The only reason I would stick build a cabinet is if there was no other way. What I mean is that there may be protrusions, either in the structure, or with an array of plumbing or venting, or ducting, or piping, to include electrical, that would make installing a completed cabinet in place a hassle to fit (as in cutouts).
Framing out and cladding the frame is in many cases more work and allows for more deviation in exact measurements and spacing. Framework still has to be connected to itself. With whatever thicknesses or dimensions there are to work with there is a loss of space. That method also can make installing drawers and shelving more of a challenge.
My recommendation would be to start with 3/4" plywood, and join with rabbets and dadoes with glue, clamps, and fasteners if possible. A frameless cabinet can be made which utilizes less hardwood than a face framed one. If the cabinet has to fit into an alcove, scribe pieces for the fronts can be configured to fit walls that are out of square.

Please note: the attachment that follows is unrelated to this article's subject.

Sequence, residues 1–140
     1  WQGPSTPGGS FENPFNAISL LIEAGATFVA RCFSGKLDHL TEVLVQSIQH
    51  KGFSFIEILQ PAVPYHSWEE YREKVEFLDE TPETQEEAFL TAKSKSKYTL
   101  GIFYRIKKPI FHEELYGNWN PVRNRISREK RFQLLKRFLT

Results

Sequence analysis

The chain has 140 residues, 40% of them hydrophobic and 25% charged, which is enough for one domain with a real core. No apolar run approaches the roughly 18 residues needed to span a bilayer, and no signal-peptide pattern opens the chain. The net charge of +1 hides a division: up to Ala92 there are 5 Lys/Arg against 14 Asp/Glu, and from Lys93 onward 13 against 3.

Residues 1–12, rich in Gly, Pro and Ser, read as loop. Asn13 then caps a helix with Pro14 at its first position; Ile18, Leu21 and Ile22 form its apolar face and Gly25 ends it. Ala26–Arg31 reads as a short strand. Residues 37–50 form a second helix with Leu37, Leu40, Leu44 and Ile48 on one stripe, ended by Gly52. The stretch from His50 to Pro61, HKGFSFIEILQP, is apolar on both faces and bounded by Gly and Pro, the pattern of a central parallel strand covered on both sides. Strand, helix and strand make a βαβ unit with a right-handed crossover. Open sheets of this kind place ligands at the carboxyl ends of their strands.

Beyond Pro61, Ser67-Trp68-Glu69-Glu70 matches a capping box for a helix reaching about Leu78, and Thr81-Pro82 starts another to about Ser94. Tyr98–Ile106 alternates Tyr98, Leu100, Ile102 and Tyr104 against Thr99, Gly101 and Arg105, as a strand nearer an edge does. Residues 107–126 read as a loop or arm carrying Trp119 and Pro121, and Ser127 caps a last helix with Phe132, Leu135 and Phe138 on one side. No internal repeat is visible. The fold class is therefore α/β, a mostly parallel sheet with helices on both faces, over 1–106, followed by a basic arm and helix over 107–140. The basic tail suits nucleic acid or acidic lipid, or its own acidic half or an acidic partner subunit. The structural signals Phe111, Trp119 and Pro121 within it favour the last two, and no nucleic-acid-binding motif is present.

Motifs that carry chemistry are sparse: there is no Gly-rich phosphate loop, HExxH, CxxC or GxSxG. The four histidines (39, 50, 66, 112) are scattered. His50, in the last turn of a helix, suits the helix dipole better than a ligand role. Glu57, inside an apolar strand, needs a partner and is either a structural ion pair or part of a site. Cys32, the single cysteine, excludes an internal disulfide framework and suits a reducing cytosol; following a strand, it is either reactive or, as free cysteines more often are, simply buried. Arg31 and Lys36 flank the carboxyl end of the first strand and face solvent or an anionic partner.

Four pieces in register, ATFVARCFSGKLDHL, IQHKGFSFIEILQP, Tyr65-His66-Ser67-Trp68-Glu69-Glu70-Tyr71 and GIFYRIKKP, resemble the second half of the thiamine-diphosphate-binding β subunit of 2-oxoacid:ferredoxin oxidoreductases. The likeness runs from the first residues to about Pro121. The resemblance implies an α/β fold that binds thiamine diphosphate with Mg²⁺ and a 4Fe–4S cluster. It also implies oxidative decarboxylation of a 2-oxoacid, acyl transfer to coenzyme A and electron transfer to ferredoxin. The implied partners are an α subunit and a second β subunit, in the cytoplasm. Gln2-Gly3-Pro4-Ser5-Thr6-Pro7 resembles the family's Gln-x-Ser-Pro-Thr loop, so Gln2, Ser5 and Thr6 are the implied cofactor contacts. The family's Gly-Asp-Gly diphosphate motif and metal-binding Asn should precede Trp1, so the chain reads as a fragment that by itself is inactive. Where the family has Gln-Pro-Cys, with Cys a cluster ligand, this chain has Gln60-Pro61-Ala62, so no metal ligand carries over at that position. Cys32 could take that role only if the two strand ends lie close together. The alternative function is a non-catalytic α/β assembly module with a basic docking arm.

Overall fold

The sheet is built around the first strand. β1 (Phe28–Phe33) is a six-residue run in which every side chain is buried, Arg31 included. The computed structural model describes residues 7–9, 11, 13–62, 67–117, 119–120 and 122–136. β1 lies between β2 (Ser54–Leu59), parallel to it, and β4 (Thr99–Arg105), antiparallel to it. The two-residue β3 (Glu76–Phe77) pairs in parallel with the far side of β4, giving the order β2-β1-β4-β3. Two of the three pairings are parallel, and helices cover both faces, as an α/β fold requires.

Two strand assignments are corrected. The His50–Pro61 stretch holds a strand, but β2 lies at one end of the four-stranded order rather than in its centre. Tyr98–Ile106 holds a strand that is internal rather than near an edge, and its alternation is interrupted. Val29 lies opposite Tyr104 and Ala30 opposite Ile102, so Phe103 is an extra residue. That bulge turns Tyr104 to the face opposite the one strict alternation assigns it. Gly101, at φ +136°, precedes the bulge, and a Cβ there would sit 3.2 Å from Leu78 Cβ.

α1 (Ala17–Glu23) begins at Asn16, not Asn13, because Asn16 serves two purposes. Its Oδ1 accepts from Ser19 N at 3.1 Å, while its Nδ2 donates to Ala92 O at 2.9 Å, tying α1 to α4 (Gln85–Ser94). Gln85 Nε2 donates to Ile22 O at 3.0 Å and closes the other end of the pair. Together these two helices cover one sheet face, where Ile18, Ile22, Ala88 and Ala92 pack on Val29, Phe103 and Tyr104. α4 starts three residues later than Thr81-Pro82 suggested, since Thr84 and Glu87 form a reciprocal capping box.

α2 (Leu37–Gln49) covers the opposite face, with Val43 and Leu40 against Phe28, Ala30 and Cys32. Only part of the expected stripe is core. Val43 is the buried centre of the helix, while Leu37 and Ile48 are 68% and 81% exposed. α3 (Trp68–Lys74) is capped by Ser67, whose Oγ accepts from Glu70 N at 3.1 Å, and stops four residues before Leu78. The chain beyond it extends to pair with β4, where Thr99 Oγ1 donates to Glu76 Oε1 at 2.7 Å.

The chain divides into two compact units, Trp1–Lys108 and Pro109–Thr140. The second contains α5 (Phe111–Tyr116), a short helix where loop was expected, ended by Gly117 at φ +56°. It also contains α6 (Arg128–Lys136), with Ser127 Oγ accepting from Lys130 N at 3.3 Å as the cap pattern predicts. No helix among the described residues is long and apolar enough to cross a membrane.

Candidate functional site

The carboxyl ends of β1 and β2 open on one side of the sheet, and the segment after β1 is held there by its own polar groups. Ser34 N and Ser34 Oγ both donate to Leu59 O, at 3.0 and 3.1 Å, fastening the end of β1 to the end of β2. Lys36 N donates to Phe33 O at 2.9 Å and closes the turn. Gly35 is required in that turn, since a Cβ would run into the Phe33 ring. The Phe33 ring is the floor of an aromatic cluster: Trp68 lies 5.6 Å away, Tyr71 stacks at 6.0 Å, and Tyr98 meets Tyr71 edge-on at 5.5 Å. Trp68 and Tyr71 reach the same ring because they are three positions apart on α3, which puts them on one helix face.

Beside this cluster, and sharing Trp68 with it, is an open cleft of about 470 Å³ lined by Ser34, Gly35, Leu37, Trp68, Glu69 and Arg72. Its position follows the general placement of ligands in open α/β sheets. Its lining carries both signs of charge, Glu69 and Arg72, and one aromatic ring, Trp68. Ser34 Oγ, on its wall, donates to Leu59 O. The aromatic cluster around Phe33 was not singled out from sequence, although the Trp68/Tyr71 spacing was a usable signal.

I find it easier to work on fixtures in the openess of the shop space. If the initial measurements, and details of the area are correct, installing becomes matter of fact. Finishing becomes easier, than done in place.
If there are surfaces of the cabinet, like the sides that will be visible, then I would use Cherry plywood if the fronts/doors/drawer fronts will be Cherry. With extensive experimentation, it's possible to use a species other than Cherry plywood, and make it look like Cherry plywood. For a DIY'er, I'd say doing that would be a stroke of luck to come even close.
Here is a thread with some additional feedback: